Together with the obelisk and the fountain with the lions, the twin churches are the symbol of Piazza del Popolo: immediately visible as you enter the Porta Flaminia, the ancient monumental entrance to Rome, stand out like two guardians at the top of the famous trident, consisting of Via del Babuino, Via del Corso and Via di Ripetta. Today we will reveal 3 curiosities concerning them, 3 details of their history that perhaps few know.
1) Are the twin churches really identical?
At first sight Santa Maria in Montesanto (on the left) and Santa Maria dei Miracoli (on the right) look the same, but they are not. Built in the seventeenth century on the orders of Pope Alexander VII who wanted to create a focal point that would attract the attention of all those who passed through the square, the two churches would originally have been symmetrical, but the architect Rainaldi had to deal with fact that on the left the available space was smaller than the right one.
The problem was solved by equipping Santa Maria dei Miracoli with an octagonal dome and Santa Maria in Montesanto of a dodecagonal, a form that allowed it to be crushed in the limited space available. Always for the same reason, the church plan on the left is elliptical, while the one on the other is circular: despite this the two buildings, for a particular optical effect, seen from the center of the square seem perfectly equal.
2) Why Santa Maria in Montesanto is called the Church of the Artists?
The church on the left owes its name to the fact that it was built in place of a small religious building belonging to the Carmelites of the province of Monte Santo in Sicily. Almost all of us know it as the “Church of the Artists” because, starting from 1953, it became the seat of the so-called Mass of the Artists: for almost 70 years, every Sunday there is a special Eucharistic celebration involving exponents of the world of culture and art.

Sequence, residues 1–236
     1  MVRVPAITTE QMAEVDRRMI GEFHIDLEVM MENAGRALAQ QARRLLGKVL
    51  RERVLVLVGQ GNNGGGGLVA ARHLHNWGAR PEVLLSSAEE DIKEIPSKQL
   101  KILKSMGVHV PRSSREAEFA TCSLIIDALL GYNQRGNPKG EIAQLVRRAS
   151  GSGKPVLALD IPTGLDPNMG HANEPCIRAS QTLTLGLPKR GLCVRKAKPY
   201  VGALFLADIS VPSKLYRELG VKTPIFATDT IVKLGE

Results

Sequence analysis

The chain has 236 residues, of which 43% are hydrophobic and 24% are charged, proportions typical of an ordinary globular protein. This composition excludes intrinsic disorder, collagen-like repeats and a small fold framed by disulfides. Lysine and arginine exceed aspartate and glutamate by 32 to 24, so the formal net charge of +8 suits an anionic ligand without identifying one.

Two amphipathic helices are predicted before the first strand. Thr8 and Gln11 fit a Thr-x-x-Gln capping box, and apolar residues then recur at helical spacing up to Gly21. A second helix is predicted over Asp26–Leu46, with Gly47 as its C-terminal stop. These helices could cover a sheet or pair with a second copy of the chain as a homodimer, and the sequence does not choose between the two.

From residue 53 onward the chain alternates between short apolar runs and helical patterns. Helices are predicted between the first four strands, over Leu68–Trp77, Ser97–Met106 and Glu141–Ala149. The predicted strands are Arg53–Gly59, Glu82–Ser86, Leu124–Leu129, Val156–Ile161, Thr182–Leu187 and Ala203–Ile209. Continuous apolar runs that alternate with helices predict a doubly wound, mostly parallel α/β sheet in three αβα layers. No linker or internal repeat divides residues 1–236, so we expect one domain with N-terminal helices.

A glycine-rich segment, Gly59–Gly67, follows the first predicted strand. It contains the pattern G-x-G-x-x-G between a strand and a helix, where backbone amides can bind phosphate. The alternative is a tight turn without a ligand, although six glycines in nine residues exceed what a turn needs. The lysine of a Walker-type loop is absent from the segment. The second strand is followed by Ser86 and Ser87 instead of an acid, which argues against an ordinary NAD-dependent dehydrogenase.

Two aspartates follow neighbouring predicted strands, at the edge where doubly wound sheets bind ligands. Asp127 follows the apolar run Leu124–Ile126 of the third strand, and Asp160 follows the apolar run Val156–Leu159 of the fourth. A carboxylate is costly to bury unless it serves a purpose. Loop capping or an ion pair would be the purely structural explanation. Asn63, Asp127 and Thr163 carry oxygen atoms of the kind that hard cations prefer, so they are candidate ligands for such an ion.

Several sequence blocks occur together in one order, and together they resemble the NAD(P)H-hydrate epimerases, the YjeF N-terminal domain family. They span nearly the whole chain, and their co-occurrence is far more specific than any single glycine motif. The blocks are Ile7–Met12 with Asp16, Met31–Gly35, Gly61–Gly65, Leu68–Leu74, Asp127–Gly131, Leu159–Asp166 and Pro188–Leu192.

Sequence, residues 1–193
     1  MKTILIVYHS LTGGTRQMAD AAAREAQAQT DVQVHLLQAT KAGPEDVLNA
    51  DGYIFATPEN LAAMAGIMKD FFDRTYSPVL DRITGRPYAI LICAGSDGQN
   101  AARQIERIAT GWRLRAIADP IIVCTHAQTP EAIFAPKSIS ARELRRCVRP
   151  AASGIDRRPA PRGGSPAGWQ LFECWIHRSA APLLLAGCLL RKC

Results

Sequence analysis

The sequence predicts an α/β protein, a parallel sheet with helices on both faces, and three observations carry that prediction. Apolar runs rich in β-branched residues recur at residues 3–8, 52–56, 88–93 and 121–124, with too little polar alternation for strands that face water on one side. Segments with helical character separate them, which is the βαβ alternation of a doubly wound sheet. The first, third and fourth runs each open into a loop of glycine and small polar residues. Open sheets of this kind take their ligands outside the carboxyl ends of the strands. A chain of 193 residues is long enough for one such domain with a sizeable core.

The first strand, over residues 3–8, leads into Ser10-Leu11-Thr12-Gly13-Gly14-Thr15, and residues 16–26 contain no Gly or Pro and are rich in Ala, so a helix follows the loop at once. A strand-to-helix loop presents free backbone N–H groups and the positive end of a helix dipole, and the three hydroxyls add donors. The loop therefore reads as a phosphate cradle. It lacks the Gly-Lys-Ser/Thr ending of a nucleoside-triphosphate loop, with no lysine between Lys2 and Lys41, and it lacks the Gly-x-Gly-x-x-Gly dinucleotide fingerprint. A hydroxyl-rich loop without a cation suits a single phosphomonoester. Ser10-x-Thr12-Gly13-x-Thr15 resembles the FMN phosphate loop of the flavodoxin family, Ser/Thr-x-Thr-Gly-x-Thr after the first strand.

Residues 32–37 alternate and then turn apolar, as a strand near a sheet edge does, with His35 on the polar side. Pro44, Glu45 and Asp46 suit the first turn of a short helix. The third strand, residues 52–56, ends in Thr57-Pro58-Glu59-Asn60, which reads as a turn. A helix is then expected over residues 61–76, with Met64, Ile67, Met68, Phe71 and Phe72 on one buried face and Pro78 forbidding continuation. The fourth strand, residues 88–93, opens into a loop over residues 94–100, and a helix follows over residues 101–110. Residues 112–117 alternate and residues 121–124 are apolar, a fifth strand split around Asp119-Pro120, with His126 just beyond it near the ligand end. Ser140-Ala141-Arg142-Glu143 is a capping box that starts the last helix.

The church owes its name to this liturgical tradition, and to the fact that here are traditionally celebrated the funeral of many people belonging to the world of entertainment.
3) Why is Santa Maria dei Miracoli called like this?
According to tradition, in 1325 a woman, to save her son who fell in the Tiber, invoked an image of the Virgin painted on the walls along the river. The miracle happened and, as a thank you, near the current Ponte Margherita a chapel dedicated to Mary was built, where the miraculous image was placed.
After passing under the direction of various congregations, having passed various floods of the Tiber, and after the original effigy of the Madonna dei Miracoli was transferred for security to another place, Alexander VII in 1661 ordered the construction of the new church in Piazza del Popolo, who was renamed Santa Maria dei Miracoli and still has a copy of the image of the Virgin (the original is today in the Church of San Giacomo in Augusta).
Dal Bolognese: the Emilian tradition at Piazza del Popolo.
Traditional dishes, high quality raw materials, cozy and intimate interiors, a terrace overlooking one of the most beautiful squares of Rome, next to Santa Maria dei Miracoli: the Dal Bolognese restaurant, from the 60
The menu includes the most traditional Emilian dishes, proposed following the classic recipes, from homemade pasta to the cart of boiled meat, from the finest cold cuts (served with the classic fried dumplings) to the seasonal side dishes, accompanied by a refined wine list.
We are in Piazza del Popolo 1, in Rome, and we are open from Tuesday to Sunday, for lunch and dinner.